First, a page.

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What materials stay unblemished after 1000s of centuries?

  1. Feb 29, 2016 #1
    I was wondering what materials will stay most unblemished after the 1000s of centuries of unforeseen wear such as corrosion, salt water, grinding, etc. Materials that are not very rare like gold or silver. I have looked into it and so far I've come across titanium, stainless steel, and their alloys and have also heard of some plastics and ceramics, but I can't find a definite answer.
     
  2. jcsd
  3. Feb 29, 2016 #2
    I would bet few kinds of solid crystals should last a long time.
     
  4. Mar 2, 2016 #3

    Baluncore

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    How can it be “unforeseen wear” if you predict it happening ? How will you know if the material was durable and so lasted ?
    How will you stop someone stealing and selling it for the scrap value ?

    Look for things still around from before the last ice age as an indication of blemish free survival.
    Diamond is hard but will burn in air. Ceramic / corundum might be worth considering.

    Small sections of mitochondrial DNA seems to hang around for quite some time by being successfully reproduced.

    There is no one answer to your open question. What are you really trying to do?
     
  5. Mar 2, 2016 #4
    Silicon oxide, not rare at all and very common component of many rocks and sand, is chemically very stable, but it's not a very hard substance physically.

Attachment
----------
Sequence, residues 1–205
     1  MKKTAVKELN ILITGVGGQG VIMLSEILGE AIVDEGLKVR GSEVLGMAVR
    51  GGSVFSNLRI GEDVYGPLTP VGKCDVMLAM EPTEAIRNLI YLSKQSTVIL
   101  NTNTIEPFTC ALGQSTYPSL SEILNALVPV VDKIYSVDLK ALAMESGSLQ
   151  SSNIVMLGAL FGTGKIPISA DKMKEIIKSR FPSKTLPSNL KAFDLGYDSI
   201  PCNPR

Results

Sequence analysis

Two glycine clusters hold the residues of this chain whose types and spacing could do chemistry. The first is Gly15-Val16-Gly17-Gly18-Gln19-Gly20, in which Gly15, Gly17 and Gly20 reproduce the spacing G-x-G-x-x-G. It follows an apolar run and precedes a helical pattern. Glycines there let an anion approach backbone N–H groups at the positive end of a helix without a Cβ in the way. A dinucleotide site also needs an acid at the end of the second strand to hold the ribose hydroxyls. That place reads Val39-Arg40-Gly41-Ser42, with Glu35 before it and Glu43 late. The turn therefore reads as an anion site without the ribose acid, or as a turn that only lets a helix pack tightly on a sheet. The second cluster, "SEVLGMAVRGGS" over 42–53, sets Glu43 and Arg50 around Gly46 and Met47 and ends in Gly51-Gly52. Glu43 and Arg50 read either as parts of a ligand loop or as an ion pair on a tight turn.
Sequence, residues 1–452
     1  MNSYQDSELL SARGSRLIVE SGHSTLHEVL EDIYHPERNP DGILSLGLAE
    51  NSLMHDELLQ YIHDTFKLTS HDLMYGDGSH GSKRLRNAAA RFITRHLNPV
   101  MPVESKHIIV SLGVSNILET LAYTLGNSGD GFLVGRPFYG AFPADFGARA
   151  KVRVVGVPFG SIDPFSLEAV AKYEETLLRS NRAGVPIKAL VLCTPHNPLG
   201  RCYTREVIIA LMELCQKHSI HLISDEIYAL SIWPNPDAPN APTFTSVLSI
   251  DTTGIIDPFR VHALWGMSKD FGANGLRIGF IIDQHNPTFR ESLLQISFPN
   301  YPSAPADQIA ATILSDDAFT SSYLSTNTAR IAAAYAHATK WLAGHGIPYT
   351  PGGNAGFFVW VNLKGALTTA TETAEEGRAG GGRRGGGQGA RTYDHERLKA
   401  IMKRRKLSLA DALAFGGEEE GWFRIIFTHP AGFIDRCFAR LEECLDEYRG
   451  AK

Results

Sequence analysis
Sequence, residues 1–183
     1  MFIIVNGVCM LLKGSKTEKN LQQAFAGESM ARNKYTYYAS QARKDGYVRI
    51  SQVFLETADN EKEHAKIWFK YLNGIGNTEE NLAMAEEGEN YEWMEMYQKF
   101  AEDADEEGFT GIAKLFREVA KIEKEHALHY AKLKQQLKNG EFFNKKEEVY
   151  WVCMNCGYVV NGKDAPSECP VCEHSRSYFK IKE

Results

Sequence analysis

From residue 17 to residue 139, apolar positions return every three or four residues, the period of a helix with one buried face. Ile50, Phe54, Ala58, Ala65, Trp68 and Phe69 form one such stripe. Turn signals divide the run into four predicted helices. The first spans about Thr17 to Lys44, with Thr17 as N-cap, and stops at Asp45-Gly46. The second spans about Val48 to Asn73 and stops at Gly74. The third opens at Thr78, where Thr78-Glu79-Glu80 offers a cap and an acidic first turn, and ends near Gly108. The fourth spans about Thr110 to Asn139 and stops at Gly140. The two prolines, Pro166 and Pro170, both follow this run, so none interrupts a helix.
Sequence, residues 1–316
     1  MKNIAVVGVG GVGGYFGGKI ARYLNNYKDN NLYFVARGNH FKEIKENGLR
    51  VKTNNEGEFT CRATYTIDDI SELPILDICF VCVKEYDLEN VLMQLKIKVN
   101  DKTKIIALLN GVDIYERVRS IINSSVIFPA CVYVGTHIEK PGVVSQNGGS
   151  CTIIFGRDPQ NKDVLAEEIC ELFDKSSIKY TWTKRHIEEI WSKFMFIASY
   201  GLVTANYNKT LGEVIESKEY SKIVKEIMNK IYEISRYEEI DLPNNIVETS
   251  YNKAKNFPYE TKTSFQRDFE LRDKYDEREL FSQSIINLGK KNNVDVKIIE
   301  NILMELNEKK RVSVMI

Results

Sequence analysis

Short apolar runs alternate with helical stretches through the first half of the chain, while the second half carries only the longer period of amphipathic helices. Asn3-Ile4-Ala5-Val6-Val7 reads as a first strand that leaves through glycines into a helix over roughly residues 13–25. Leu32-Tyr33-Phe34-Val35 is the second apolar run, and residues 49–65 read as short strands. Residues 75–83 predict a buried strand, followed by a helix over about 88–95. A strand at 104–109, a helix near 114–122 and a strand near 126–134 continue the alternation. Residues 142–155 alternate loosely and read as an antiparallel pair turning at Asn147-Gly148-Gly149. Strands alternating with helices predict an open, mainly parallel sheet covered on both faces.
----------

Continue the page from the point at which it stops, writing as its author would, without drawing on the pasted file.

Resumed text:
Easy enough to grind a rock into powder, but it still is silicon oxide.
     
  6. Mar 10, 2016 #5
    Not that i know what will happen over 1000 centuries but gold objects can be found as artefacts from Aztec's unblemished for a few hundred years so gold may be a safe bet but i am not sure
     
  7. Mar 10, 2016 #6
    stainless steel is an alloy
     
    Last edited: Mar 10, 2016
  8. Mar 10, 2016 #7

    CalcNerd

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    What is the size of your need? ie a small object could be Stainless Steel, gold or even a gold plated object of fairly large size with a relatively thick plating of gold. Gold is one of the more stable long lasting elements that holds up best to long term corrosion and is very easy to work. Large structures in the past were carved out of rock. These, however are only 20-30 centuries old and will probably be dust in a 100 centuries, regardless of what we do. Marble or granite may last 100-200 Centuries if it is protected from the elements, but any type of erosion will take its toll, so to speak.
    .
    More details would be nice, but regardless, unless the item can be in a controlled environment, a 1000 centuries is asking for more than any known item short of a fossil which is not actually the original item (research fossilization).
     
  9. Mar 10, 2016 #8
    Amber. You know, the stuff with fossilized insects trapped in it for millions of years?
     
  10. Mar 10, 2016 #9

    Baluncore

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    Stainless steel is only stainless in an oxygen rich environment. The presence of water with a lack of oxygen will result in rapid deterioration of SS which will form a black crumb.